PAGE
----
The RI Minimum Wage: To Raise or Not to Raise?
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The RI Center for Freedom & Prosperity believes that all Rhode Islanders who strive to work hard should be able to earn a living to support themselves and their families. The question, of course, is how employment for those at the bottom of the income ladder can meet that positive goal.
It is true that minimum-wage hikes may translate into more money for some people. But it is also true that such hikes will lead to a loss of jobs for others, many of whom are of the most vulnerable among us. A successful public policy solution must not abandon those families.
Instead of a win-lose policy approach, as with a minimum-wage hike, the Center supports an expansion of the earned income tax credit (EITC), which supplements the paychecks of low-income families without destroying jobs. Poor Rhode Island families deserve and need a win-win solution that provides them with the opportunity to add to their income without fear of losing work.
Who Are RI Minimum Wage Workers, Really?
Contrary to what wage-hike supporters want us to believe, most minimum-wage workers are not minorities and are not the primary earners for their families. Based on detailed analysis of 2012 data, of minimum wage earners in the Ocean State:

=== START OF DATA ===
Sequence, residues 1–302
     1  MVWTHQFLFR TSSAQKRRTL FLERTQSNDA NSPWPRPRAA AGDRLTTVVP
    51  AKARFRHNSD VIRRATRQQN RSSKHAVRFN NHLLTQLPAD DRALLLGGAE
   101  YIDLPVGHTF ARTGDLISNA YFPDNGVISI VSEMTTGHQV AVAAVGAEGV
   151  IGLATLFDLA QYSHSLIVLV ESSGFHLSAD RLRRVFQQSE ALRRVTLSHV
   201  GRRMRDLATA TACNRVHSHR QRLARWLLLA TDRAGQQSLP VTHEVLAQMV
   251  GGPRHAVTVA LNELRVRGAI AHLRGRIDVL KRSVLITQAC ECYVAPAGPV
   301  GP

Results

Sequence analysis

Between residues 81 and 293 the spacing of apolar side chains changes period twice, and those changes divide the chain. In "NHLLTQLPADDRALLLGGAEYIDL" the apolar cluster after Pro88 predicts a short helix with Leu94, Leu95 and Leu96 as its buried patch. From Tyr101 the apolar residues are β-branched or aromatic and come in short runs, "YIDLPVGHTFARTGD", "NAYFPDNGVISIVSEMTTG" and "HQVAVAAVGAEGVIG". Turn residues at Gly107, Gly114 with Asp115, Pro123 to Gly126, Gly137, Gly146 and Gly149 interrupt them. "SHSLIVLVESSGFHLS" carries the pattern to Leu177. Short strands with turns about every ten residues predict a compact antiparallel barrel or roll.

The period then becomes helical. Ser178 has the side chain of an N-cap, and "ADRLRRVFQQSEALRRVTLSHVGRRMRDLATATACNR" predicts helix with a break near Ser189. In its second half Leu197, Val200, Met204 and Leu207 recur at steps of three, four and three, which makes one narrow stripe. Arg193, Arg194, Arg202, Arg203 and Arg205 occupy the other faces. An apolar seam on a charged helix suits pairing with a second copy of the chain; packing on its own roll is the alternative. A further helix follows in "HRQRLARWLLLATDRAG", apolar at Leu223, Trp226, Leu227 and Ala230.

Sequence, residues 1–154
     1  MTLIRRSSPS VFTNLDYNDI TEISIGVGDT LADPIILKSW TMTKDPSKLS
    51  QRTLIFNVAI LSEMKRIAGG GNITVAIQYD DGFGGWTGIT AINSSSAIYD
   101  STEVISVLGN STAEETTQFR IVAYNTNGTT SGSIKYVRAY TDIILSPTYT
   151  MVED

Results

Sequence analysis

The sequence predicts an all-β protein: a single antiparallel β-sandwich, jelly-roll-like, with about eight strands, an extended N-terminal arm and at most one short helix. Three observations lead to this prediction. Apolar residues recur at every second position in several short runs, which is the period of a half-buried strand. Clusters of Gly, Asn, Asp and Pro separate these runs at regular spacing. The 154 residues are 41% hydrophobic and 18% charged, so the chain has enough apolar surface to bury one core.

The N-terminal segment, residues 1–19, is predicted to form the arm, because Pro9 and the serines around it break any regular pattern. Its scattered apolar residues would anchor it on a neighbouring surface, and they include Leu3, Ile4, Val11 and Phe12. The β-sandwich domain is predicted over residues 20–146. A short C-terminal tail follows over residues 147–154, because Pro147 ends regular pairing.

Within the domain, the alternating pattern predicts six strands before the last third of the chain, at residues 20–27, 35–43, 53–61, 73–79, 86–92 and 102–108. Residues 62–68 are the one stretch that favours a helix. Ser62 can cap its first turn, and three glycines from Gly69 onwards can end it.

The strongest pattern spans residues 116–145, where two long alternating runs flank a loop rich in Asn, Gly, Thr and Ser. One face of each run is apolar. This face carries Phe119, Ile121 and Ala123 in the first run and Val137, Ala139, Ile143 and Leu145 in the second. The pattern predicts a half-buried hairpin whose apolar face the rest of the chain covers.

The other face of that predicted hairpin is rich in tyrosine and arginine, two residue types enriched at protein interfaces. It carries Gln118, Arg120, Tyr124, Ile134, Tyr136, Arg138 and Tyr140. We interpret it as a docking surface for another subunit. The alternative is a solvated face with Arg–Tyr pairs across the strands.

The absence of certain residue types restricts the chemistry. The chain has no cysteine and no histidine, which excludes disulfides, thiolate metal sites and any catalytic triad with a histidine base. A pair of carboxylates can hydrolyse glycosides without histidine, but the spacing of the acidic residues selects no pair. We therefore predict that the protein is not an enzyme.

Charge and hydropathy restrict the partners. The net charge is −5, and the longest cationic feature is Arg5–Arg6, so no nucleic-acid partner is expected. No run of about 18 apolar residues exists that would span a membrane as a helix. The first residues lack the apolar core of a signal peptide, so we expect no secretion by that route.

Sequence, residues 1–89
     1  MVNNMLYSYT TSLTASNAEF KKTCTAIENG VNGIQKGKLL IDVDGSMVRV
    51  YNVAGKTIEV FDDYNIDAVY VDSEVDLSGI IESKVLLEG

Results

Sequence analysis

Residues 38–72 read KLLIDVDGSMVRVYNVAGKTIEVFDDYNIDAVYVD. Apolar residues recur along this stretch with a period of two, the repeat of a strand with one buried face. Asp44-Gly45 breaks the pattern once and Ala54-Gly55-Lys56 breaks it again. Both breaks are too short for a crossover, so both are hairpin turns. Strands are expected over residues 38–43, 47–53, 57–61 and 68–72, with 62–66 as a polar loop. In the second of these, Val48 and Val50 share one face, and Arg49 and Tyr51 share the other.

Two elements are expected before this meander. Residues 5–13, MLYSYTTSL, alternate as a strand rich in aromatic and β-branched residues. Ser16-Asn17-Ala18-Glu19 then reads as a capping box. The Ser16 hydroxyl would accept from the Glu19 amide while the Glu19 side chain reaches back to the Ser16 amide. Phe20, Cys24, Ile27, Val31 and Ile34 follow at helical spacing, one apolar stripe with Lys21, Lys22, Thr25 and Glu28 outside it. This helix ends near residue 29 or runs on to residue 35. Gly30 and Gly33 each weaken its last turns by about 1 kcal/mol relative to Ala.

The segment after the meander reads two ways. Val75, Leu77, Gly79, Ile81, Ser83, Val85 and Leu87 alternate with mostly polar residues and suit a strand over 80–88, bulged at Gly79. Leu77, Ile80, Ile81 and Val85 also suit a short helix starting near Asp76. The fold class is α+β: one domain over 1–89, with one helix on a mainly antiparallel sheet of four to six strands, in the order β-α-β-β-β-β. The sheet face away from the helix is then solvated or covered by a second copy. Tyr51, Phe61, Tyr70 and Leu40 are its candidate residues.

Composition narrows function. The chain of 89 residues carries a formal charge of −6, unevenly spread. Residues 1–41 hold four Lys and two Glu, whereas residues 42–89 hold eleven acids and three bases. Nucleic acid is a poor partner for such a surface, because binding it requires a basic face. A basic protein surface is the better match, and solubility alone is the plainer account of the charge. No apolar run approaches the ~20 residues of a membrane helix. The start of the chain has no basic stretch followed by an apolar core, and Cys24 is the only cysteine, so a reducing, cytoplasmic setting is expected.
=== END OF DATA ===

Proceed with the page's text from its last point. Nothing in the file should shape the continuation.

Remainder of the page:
- Over 80% were white
- $61,299 was their average family income
- Over 71% were part-time workers less than 35 hrs/wk; 30% less than 20 hrs/wk
- Only 6% were married and sole earners for their families
- Only 8% were single parents, supporting their families
- Almost 60% lived with their parents or some other primary breadwinner
- About 60% were 25 years old or younger; over 40% 21 years old or younger
Adverse Jobs Impact
The Center’s 2013 report also found that, based on the minimum wage and jobs market at that time, a hike to $10.10 per hour — less than the $10.50 currently under consideration in the General Assembly — would:
- Destroy up to 3,500 jobs, including breadwinners from low-income families
- Be a continuing assault on the state’s economy
- Be especially harmful to low-income workers who need upward mobility in a robust jobs market
As the facts above demonstrate, the vast majority of the people who will receive raises under a minimum-wage hike are not poor breadwinners. If some number of low-income individuals simultaneously lose their jobs, does this trade-off actually improve the well-being of Rhode Island families? Our Center says, “no.”
The Center recommends a win-win solution that enhances family income without costing jobs for poor families: Pass EITC expansion and leave the Rhode Island minimum wage where it is.
Why Unions Want a Wage Hike
Minimum wage hikes may serve to benefit many union workers who already earn far above the minimum wage. According to a 2013 Wall Street Journal commentary, many union collective bargaining agreements specify wages for union workers that are tied to the state or national minimum wage rates. An increase in the minimum wage may also actually mandate a raise for many union members, who can hardly be considered as poor.